We stopped at the estuary to get out of the car and stretch our legs. It was the August bank holiday weekend and it was a source of despondency for us both that soon we would have to head for home to slip on the shackles of our nine-to-five routines again. I was relieved to be out of the car and feeling the estuary air on my face with its briny tang while the bladderwrack squeaked and ticked.
The tide was beginning to recede, leaving behind craggy tar-black stumps that were anchored in the packed sand like giant crow’s feet. I told her that it looked to me like there was once a prehistoric forest where we were standing. The rocks too were full of tubular shapes that signified various forms of ancient life once poked through the substrate there, blunted and blind.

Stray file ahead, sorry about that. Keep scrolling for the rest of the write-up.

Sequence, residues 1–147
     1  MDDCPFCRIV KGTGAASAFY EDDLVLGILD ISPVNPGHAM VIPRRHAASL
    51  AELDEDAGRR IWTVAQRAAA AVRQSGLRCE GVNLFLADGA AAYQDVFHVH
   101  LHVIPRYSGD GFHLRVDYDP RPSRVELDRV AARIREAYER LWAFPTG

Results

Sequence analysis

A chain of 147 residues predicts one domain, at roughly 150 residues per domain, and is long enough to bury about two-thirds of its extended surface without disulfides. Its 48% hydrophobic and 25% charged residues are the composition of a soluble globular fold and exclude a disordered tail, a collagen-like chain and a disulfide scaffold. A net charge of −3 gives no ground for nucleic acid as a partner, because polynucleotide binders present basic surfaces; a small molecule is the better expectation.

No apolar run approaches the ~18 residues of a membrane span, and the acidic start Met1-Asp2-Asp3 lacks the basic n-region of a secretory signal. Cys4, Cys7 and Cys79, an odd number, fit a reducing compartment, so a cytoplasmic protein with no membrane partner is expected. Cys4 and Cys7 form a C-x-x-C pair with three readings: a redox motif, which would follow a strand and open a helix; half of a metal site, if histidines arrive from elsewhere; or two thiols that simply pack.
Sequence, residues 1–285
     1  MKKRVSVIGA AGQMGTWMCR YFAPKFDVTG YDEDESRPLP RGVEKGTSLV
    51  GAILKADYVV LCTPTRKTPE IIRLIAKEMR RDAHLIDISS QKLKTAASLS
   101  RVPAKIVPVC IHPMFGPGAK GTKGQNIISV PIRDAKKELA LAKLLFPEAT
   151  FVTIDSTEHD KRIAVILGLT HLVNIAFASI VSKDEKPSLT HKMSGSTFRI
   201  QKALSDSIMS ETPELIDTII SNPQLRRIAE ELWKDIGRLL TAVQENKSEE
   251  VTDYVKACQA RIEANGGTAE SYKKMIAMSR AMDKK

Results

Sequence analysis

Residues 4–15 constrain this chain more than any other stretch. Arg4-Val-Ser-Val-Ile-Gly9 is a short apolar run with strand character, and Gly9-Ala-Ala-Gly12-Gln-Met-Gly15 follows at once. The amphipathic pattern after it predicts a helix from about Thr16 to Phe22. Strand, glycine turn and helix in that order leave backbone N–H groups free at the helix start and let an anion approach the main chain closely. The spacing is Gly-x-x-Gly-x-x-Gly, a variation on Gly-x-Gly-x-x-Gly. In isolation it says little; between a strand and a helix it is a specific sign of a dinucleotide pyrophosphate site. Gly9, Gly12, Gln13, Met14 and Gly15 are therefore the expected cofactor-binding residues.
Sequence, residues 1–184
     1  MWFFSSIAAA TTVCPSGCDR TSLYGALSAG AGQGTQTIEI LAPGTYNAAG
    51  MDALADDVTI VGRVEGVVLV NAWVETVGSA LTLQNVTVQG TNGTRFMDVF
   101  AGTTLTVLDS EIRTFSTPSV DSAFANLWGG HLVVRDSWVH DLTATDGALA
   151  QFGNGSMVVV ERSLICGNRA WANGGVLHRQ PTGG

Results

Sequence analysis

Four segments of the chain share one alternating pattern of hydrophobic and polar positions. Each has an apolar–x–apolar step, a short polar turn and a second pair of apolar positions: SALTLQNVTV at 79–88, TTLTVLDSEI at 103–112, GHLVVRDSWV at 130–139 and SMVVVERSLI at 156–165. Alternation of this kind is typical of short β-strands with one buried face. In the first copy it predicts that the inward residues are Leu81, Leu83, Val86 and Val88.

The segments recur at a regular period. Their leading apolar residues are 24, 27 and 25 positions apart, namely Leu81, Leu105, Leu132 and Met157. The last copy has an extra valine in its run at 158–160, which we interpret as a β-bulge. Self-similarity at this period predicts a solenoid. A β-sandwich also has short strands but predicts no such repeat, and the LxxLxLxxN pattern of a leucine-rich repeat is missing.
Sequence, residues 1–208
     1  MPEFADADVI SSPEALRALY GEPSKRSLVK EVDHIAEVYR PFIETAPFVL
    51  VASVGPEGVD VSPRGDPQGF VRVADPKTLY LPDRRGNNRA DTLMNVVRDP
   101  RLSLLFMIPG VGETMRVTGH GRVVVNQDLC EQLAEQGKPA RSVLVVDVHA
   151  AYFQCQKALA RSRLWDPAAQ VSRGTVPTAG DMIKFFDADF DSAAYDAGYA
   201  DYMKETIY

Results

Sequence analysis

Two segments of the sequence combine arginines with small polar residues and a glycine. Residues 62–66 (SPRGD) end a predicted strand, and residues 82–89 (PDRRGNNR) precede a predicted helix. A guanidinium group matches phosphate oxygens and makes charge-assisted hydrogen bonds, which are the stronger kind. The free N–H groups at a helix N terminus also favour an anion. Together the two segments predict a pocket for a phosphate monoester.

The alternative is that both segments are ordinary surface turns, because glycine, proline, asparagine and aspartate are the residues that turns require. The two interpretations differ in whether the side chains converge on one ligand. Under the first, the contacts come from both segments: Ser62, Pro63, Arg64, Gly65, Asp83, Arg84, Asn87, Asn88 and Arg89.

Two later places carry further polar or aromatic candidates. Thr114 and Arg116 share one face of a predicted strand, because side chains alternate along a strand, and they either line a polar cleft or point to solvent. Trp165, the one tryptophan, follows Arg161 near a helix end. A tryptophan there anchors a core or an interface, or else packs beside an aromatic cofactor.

In an effort to banish the cloud that had settled on us both I set about looking for treasure; lifting up clumps of rotted seaweed amid showers of panicked sand hoppers. Bright orange twine, sand-polished pieces of glass, miniscule sea shells, a tiny olive-green crab that traced a sideways path across her palm; I brought them all to her, retrieving them like a fawning bowery bird that seeks the approval of a reticent mate.